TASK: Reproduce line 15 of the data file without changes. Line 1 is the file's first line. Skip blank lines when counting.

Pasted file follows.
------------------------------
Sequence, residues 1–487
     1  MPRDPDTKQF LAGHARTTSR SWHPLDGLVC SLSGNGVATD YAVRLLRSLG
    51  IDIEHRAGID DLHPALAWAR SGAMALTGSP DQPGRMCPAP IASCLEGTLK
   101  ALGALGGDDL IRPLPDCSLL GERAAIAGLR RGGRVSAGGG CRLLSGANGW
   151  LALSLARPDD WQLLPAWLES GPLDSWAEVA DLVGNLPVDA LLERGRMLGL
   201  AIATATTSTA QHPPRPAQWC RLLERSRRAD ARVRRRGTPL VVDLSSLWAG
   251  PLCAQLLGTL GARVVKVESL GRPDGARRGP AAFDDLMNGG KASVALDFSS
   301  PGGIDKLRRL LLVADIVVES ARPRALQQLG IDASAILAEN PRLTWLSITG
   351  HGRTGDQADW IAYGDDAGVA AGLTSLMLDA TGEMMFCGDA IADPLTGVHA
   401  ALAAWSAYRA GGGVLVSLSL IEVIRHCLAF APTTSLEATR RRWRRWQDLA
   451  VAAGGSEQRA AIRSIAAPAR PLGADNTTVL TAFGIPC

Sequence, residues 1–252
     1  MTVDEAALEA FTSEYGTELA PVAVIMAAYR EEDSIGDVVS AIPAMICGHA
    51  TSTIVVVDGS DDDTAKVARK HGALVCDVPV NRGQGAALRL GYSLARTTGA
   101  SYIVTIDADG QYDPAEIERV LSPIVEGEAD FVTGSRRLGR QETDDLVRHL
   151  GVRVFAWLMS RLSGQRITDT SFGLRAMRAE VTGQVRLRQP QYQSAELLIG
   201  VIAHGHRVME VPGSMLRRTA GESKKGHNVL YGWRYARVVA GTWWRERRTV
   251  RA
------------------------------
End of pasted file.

   101  SYIVTIDADG QYDPAEIERV LSPIVEGEAD FVTGSRRLGR QETDDLVRHL